I look forward to the day that I could say (God willing):

Είναι δικηγόρος στρατιωτικός.
(I am a military lawyer).

www.lawschoolnumbers.com/display.php?user=Thikighoros

Thikighoros

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Re: Admissions calculators
« Reply #33 on: October 24, 2005, 12:17:33 PM »
Remember, the admissions calculator tells you your chances right off the bat. The other components your your application (LOR's, Personal statement, etc.) would push one toward acceptance or denial of admission.
I look forward to the day that I could say (God willing):

Είναι δικηγόρος στρατιωτικός.
(I am a military lawyer).

www.lawschoolnumbers.com/display.php?user=Thikighoros

Robespierre

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Re: Admissions calculators
« Reply #34 on: October 24, 2005, 01:50:58 PM »
They're useful to give you an idea of your chances when you're new to the process.  But I don't think they're very accurate, because:

1.   They are all based on data at least two years old.

2.   They treat all applicants as a single pool when in fact several classes of applicants are held to different standards (in-staters at state schools, URMs, legacies).

3.   They ignore all soft factors.

4.   They're all based on information provided by either schools or applicants.  Schools manipulate data to protect their USNWR rankings and applicants are known to stretch the truth for psychological reasons.
Penn Law Class of '09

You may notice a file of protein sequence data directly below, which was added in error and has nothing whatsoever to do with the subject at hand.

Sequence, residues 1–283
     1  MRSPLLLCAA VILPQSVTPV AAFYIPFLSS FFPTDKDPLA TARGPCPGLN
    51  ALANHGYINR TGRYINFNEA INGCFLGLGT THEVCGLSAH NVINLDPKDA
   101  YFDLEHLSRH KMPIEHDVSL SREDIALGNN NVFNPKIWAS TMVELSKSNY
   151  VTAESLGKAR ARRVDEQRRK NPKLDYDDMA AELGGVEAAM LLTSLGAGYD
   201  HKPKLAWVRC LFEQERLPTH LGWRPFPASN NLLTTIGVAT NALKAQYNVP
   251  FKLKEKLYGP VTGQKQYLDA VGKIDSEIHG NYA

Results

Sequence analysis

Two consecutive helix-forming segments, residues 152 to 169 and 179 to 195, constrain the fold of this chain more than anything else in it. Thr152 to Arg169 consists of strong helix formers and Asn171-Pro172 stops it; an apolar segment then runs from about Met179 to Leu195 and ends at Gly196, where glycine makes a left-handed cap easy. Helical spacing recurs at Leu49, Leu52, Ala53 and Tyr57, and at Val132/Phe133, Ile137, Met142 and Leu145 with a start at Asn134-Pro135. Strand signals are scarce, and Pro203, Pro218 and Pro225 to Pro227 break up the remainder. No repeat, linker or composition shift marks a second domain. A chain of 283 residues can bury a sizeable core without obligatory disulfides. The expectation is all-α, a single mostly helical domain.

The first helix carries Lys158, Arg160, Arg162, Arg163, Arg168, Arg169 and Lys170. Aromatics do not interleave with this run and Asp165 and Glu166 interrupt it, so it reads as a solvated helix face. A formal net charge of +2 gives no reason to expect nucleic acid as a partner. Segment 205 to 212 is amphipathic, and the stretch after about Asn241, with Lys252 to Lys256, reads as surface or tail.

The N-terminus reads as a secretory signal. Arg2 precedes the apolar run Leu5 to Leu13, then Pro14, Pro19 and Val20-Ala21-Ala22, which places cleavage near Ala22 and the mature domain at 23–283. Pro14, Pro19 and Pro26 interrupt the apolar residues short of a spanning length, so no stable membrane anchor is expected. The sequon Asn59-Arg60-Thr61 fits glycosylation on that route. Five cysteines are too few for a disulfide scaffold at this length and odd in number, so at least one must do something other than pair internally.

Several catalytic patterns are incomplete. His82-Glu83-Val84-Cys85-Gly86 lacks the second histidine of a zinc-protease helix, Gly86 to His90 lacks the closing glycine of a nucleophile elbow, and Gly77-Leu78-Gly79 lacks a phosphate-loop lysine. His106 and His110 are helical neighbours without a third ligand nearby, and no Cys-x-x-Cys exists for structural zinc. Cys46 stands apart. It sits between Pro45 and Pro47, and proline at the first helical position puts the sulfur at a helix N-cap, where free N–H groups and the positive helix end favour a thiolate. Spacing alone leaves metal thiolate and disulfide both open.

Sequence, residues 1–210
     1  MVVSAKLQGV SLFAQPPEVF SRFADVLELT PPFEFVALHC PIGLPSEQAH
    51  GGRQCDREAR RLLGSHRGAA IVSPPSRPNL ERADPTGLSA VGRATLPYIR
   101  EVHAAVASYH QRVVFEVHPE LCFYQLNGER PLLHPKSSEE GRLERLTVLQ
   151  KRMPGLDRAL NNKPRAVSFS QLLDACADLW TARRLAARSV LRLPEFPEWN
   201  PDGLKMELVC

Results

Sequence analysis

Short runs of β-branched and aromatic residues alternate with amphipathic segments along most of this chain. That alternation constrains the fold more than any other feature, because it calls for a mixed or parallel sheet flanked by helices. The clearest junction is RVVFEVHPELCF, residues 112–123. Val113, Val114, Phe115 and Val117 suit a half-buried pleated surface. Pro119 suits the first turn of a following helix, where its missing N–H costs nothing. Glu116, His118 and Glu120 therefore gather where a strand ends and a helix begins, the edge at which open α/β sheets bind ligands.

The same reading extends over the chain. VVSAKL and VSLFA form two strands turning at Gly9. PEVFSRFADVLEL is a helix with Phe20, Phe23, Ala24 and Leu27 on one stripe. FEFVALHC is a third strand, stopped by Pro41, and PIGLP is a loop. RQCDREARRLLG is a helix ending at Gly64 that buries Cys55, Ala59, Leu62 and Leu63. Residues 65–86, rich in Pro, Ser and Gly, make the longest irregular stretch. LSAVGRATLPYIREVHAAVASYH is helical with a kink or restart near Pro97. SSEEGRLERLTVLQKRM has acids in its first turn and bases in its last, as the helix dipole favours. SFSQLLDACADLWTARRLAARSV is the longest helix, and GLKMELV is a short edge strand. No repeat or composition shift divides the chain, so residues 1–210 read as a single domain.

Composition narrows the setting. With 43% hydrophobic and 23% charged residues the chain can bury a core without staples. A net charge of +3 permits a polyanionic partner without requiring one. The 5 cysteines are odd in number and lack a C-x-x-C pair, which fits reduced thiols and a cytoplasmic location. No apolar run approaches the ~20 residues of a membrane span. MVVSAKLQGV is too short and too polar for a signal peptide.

Thikighoros

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Re: Admissions calculators
« Reply #35 on: October 25, 2005, 08:34:13 AM »
They're useful to give you an idea of your chances when you're new to the process.  But I don't think they're very accurate, because:

1.   They are all based on data at least two years old.

2.   They treat all applicants as a single pool when in fact several classes of applicants are held to different standards (in-staters at state schools, URMs, legacies).

3.   They ignore all soft factors.

4.   They're all based on information provided by either schools or applicants.  Schools manipulate data to protect their USNWR rankings and applicants are known to stretch the truth for psychological reasons.
This is all correct. But these things should be taken into consideration.

1) In addition, all of the other guides (USN&WR, Barron's, etc.) use the same information. The USN&WR guide uses the data and ranks everything. It's even more general than the ABA-LSAC guide.

2) The fact that the data may be a year or two old shows the magnitude of information that LSAC has to deal with in regards to the compiling the information for guides.